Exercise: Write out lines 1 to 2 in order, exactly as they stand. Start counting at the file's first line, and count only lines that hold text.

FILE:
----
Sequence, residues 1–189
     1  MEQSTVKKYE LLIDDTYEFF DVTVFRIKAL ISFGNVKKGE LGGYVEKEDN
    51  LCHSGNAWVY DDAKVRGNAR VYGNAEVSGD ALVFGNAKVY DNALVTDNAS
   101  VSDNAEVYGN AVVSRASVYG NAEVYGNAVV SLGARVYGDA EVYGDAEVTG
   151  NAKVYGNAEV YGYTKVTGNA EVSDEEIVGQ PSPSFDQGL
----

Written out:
Sequence, residues 1–189
     1  MEQSTVKKYE LLIDDTYEFF DVTVFRIKAL ISFGNVKKGE LGGYVEKEDN